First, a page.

How do you winter your free range birds?

Discussion in 'Coop & Run - Design, Construction, & Maintenance' started by iajewel, Nov 4, 2008.

  1. iajewel

    iajewel Songster

    Oct 22, 2008
    Corning IA
    [​IMG]I have a strange way of housing my birds for the winter and wondered if anyone else did something similar.. Yes.. I know Im strange LOL..

    I use a method similar to what I use for the cattle and horse during breeding season. I have large pens that I house the hens only in for winter. The roosters remain free range with small shelters set up near natural wind breaks, where I load the small shelters down with hay and they get along very well. I only keep 2-4 roos back.. so no need for a coop for them. My theroy is if they can't winter with out a heat lamp, they don't need to be producing chicks that will live in Iowa anyway.
    The hens in the spring are put in pens and seperated by breed, then the rooster is added untill they have gone to set. At that point the roo is removed again and when the chicks are old enough to run loose with the hen, the gates on all the pens remain open untill next late fall, when they are all sorted again.
    The fact they return each night to the pens means I can cull and butcher the young roos as needed or treat any of them for heath reasons etc, and worm/lice dip and so on. This also keeps my free range eggs in a single location.
    For 8-9 months of the year they are running on 30 acers.. and only penned ( the hens) for 3-4 months avrage..
    I noticed that most of my chicken freinds allow less range time, and keep the roos with the hens more often..
    Wondered if this was a method more people than I knew about used.. or.. Im strange?[​IMG]
  2. PeeperKeeper

    PeeperKeeper Songster

    This sounds like a great idea. One question: Do you have a means of keeping unfrozen water to the roos?
  3. iajewel

    iajewel Songster

    Oct 22, 2008
    Corning IA
    unfrozen water for any of them is a trick question.. Yes.. I could put heaters out.. however, I hate winter.. hate it! I would never leave the house in the winter if given a choice. I need to get out and excersize.. so I don't put round bales out for my cattle.. I hand pitch from large round bales.. I don't put heaters out for the birds.. I water them 3 times a day. Its my way of making me stay active in a time I would sit in the house and do nothing but get fat.
    So could I.. yes.. I could.. do I.. no.. I don't.

    On a side note the birds get rather wild during the summer when they are ranging. The hand watering and hand feeding in the winter brings them back in to my hand and re-establishes our relationship. So they are more workable. I do give them treats at night in the summer to keep them comming when I call, but come fall, they are wild. So the watering many times a day, serves 2 purposes.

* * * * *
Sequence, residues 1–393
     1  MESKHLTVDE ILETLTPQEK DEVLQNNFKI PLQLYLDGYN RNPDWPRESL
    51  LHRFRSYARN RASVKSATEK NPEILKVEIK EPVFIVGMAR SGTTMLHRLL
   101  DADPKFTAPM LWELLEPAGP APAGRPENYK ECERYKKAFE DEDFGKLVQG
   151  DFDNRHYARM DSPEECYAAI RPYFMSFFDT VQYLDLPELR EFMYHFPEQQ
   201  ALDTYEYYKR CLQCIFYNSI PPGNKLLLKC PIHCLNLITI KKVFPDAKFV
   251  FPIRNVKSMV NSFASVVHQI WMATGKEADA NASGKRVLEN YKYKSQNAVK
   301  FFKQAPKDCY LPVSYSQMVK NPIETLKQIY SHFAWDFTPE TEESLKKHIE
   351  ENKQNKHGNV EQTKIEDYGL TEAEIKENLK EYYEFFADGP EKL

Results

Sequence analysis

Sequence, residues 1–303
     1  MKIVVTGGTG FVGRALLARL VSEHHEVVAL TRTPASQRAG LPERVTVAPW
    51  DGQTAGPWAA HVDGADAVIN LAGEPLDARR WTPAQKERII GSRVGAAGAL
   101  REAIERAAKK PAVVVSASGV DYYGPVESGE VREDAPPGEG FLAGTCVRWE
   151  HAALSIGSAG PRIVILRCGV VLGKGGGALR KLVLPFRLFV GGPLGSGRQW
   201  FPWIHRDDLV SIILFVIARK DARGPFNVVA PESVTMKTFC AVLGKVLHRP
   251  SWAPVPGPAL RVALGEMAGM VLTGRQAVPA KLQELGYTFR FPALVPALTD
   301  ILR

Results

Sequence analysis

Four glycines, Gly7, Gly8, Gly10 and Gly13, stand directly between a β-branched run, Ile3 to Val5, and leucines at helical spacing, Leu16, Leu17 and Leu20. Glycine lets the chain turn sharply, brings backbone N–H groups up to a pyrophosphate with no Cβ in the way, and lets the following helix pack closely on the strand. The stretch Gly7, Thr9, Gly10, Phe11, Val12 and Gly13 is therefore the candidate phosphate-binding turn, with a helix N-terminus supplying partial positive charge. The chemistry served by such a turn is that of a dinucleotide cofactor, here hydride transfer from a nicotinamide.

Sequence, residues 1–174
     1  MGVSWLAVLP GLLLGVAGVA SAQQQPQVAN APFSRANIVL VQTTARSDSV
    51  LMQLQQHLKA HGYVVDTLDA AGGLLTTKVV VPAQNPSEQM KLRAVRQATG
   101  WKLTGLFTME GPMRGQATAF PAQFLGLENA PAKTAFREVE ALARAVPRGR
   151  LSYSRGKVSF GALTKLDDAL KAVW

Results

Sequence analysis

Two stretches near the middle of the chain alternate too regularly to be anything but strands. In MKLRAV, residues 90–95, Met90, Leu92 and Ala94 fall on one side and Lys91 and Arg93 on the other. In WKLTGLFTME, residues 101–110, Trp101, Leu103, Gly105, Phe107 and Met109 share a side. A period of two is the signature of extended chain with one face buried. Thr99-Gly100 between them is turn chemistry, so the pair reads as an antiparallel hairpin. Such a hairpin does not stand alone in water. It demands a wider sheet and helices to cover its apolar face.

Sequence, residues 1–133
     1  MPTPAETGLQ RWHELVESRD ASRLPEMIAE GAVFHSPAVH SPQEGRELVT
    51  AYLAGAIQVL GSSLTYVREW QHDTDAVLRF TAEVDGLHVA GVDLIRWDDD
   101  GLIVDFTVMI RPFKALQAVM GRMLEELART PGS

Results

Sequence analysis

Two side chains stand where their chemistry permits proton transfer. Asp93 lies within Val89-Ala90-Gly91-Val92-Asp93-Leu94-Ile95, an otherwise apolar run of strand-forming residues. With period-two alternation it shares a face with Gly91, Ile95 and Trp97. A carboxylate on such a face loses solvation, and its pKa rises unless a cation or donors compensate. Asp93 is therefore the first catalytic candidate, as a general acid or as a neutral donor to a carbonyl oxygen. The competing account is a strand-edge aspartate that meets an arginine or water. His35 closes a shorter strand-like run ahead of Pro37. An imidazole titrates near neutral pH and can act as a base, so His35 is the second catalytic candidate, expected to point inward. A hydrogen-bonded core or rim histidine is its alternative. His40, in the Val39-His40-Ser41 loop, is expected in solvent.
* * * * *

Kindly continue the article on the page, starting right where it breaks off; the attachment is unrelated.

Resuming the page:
Last edited: Nov 4, 2008
  4. bkbuz1987

    bkbuz1987 In the Brooder

    Aug 29, 2008
    I have five acres and wish I could let my birds free range BUT....

    so far we had a badger (it's now dead), fox, cyotes, red-tail and swanson hawks, golden eagle, great horned owl, skunks, raccons, dogs, and cats just on our property. A moutain lion was spotted just two miles away sooooo, I think we'll keep our gals in thier run.

    How many birds do you have and how many do you loose because of wild life? Just wondering [​IMG] Oh, and do you spend a lot of time hunting for eggs?
    Last edited: Nov 4, 2008
  5. iajewel

    iajewel Songster

    Oct 22, 2008
    Corning IA
    We also have coyotes, fox, badger, skunk, hawks and the entire range including a Mt Lion that does cross my property. Bob cats as well.
    I have lost ZERO birds this year to wild life or anything else. I have a standard Poodle that is excollent with the birds and watches them out my bedroom window at night. I have a pillow for her on the window sile so she can wake me up if need be. I have shot 1 coon this year due to her efforts.

    I have 5 breeding groups. Buff Cochins bannys, Partridge cochin bantams, Barred Rocks, Polish (buff lace) and a group Im playing with some color genetics. The avrage is one rooster and 3-6 hens per group.

    Nope.. don't hunt for eggs.. they come into the pens every night, I leave the gates open, they hang out, eat, lay eggs in the AM and then take off for the day. If I find myself looking for eggs, I shut the gate.. leave them in the pen untill evening (they would get to run after the eggs are layed), for a few days and they get back on track pretty fast.
    The hardest part is digging them out, clipping wings and sorting in the fall.

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